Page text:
Investing in a cannabis-specific POS system is increasingly becoming a necessary component of cannabis retail, as these systems ensure compliance, improve employee efficiency, and raise customer satisfaction.
If you are a newbie in state reporting, connecting POS software to Metrc can be a little hard. By integrating a reliable and tested retail POS system with Metrc, you will not only save time and money reporting sales and inventory but will also significantly reduce the risk of regulatory issues.
The establishment of the Oklahoma cannabis track-and-trace system is for the purpose of tracking the inventory and movement of marijuana commodities as they travel through the supply chain. Metrc is simply the state's chosen software for achieving this.
Metrc API differs in a few crucial ways that cannabis operators should be aware of to enhance system efficiency and state reporting compliance. Although the API connection for retailers allows for greater bidirectional communication, cannabis growers, processors, and distributors will discover that their API connectivity with the state tracking system is limited when managing outward and inbound manifest data.
You can use Metrc's cloud-based software with a computer and an internet connection. It integrates with a third-party marijuana point-of-sale system. Also, your POS company must accomplish this, and not all companies are currently compliant.
You may have to manually enter all of your data into the state's monitoring tool if your POS is not Metrc-compliant. Although this will take some time, the data must be recorded into the state Metrc system.
In the cannabis industry, POS solutions can make or destroy your business, therefore you need to optimize your POS system to maintain compliance. These systems communicate directly with METRC to keep track of marijuana transactions.
In the case of cannabis, inaccuracies will almost certainly result in inadvertent breaches and hefty fines. Cannabis sellers can't afford to settle for a subpar POS system when so much is at stake. Instead, you should look for point-of-sale systems that are exact and efficient.
Many POS providers will claim to be METRC-compliant. Several organizations have launched extensive integrations, but few have been successful in the cultivation and processing stages. If you're looking for third-party software solutions, it's a good idea to request a referral in your state.
Radio Frequency Identification (RFID) is the non-contact electromagnetic transmission of data using radiofrequency waves. The Automatic Identification and Data Capture technology group includes RFID (AIDC). AIDC methods recognize items, collect data, and enter that data directly into Metrc systems with little or no human interaction.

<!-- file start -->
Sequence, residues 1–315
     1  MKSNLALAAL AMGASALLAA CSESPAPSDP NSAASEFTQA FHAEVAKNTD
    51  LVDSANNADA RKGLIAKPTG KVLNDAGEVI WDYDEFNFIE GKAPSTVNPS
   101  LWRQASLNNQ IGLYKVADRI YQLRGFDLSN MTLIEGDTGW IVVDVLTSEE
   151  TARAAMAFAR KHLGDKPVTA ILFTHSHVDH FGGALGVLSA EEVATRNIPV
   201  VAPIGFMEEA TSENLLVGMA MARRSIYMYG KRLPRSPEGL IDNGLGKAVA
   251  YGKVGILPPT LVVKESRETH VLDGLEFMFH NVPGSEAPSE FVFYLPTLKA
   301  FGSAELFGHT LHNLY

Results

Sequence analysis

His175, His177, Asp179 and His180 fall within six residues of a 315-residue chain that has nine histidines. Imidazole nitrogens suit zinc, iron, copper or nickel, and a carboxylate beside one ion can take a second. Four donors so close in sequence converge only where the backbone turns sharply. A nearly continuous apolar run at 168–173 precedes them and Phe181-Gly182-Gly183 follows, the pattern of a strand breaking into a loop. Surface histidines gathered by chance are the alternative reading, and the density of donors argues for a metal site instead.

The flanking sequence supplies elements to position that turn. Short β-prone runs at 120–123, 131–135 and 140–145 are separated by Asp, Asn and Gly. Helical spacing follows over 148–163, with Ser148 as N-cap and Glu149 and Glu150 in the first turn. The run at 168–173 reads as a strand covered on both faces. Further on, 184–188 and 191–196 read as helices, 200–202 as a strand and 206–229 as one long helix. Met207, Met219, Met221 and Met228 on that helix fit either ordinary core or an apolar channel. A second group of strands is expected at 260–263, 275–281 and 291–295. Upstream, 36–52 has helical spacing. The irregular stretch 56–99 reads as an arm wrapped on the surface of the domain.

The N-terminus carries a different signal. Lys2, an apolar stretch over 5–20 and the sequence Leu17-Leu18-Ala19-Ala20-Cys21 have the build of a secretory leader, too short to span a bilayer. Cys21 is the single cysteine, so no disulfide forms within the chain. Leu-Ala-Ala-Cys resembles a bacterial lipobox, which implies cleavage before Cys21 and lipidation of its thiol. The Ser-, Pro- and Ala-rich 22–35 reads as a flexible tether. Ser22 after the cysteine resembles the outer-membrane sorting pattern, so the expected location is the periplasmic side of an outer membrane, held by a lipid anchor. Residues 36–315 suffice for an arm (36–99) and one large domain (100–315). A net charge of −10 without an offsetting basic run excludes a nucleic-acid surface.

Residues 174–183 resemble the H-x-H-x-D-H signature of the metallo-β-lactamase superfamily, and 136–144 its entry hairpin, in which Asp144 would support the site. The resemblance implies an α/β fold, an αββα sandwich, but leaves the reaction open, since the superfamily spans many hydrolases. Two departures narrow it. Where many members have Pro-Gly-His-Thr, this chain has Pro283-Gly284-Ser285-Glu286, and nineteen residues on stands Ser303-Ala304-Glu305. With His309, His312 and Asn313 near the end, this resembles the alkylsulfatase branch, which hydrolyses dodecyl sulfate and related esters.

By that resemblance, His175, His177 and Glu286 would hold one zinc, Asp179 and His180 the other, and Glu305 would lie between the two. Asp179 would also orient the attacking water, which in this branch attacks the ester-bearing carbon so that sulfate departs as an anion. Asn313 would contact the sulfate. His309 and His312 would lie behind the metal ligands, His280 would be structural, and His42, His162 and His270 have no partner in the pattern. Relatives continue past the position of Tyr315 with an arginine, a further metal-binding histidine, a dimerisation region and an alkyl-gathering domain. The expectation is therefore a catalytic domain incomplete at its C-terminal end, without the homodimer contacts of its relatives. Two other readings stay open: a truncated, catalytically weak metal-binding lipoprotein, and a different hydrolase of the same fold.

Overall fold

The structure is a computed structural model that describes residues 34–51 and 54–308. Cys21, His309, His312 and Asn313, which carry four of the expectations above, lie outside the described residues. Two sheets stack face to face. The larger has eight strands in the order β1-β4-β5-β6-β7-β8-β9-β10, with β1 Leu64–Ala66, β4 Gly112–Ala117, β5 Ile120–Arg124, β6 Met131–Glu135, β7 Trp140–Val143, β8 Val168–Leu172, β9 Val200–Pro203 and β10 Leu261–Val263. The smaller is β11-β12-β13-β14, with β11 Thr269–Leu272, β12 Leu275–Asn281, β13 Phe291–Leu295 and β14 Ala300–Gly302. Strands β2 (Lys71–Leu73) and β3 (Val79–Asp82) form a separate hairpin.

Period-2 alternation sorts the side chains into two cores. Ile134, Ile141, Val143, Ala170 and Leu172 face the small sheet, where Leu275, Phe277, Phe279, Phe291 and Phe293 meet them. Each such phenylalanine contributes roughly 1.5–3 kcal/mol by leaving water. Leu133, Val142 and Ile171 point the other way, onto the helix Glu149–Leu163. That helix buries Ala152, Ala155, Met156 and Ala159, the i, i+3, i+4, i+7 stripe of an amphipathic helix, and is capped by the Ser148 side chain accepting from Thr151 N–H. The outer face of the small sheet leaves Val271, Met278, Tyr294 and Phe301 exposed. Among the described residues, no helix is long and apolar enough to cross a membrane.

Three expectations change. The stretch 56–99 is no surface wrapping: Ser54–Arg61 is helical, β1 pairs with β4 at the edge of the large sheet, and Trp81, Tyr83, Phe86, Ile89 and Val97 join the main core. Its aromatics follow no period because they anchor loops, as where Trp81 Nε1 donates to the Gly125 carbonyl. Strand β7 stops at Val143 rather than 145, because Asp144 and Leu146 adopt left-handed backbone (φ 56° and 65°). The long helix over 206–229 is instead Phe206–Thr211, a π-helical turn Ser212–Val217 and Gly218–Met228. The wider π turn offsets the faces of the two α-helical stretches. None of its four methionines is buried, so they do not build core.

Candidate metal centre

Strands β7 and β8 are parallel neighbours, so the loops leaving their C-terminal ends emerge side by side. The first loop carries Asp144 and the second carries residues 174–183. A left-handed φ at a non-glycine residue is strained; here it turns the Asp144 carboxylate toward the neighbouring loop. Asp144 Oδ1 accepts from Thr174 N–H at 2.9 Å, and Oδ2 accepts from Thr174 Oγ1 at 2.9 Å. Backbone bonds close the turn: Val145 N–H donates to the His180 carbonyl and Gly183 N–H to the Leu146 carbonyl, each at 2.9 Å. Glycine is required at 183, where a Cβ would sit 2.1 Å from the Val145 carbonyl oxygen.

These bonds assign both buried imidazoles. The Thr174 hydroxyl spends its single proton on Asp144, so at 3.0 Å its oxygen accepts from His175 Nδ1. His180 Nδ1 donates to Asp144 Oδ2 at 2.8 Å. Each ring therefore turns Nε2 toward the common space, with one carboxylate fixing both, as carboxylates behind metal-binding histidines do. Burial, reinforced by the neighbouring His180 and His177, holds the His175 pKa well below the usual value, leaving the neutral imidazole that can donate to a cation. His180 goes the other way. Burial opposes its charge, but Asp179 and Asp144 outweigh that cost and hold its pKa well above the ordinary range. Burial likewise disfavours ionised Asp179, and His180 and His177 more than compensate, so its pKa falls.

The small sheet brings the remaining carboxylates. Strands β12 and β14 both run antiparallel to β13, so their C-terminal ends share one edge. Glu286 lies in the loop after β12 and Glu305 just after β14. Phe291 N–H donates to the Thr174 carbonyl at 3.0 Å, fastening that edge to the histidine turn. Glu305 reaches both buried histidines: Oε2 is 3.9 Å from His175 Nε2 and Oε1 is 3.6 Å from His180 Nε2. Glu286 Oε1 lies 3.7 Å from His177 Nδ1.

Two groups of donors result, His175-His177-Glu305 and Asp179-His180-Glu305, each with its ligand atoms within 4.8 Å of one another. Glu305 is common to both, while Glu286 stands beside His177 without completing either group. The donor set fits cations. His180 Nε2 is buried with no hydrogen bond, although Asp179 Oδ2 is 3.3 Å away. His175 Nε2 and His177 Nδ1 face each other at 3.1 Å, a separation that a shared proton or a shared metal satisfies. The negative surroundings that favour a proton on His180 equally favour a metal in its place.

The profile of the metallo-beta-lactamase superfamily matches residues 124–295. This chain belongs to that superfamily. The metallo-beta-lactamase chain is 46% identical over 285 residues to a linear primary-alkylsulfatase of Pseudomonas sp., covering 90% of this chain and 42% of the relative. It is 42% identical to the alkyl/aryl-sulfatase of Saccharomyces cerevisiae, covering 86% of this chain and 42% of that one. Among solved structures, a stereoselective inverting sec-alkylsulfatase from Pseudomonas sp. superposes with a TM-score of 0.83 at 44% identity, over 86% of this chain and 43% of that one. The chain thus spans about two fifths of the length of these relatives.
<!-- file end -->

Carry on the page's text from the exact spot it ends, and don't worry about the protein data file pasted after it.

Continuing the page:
Also, users may automatically and uniquely identify and track inventories and assets by tagging them with RFID tags. In the same way that data from a tag or label is taken by a device and stored in a database, RFID is analogous to barcoding.
Again, RFID tags are used by METRC to allow regulators to scan a specific plant or commodity and determine its provenance. RFID tag requirements may differ depending on your state. Metrc tracks marijuana inventory by attaching serial tags to every plant and labels the wholesale packaging with bar-code, human-readable, and Radio Frequency Identification (RFID) tags.
Plants and packages are the two forms of tagged inventory in CCTT–METRC. Radio-frequency identification (RFID) transponders are embedded in each unique identifier (UID) tag. This enables automatic remote scanning and, as a result, identification of the tagged cannabis and cannabis goods.
RFID tags will be required in most jurisdictions for each factory as well as each packaged product. METRC states impose tags on a cannabis business's entire inventory, which costs between 25 and 45 cents.
If you own a marijuana store, you must integrate operations with METRC from June 30, 2021. It's the only way to keep a cannabis supply chain compliant, and there's no getting around it. Other things you should know about Metrc include:
The fundamental advantage of Metrc is consumer protection. If a product has a negative side effect, such as making someone sick, the problem can be traced back to the plant group. Shelf items that are linked to a certain plant or package tag can be retrieved.
Metrc's track and trace software helps you account for every gram of useful cannabis from seed-to-sale. Dispensary owners keep track of every transaction and provide full information on how much was purchased and by whom, thanks to Metrc.
Additionally, when implementing Metrc's seed-to-sale software, compliance will include tracking, reporting, and auditing cannabis.
In a world where things are constantly changing, Metrc is the factor that helps dispensary owners, growers, and cannabis users all stay compliant and safe.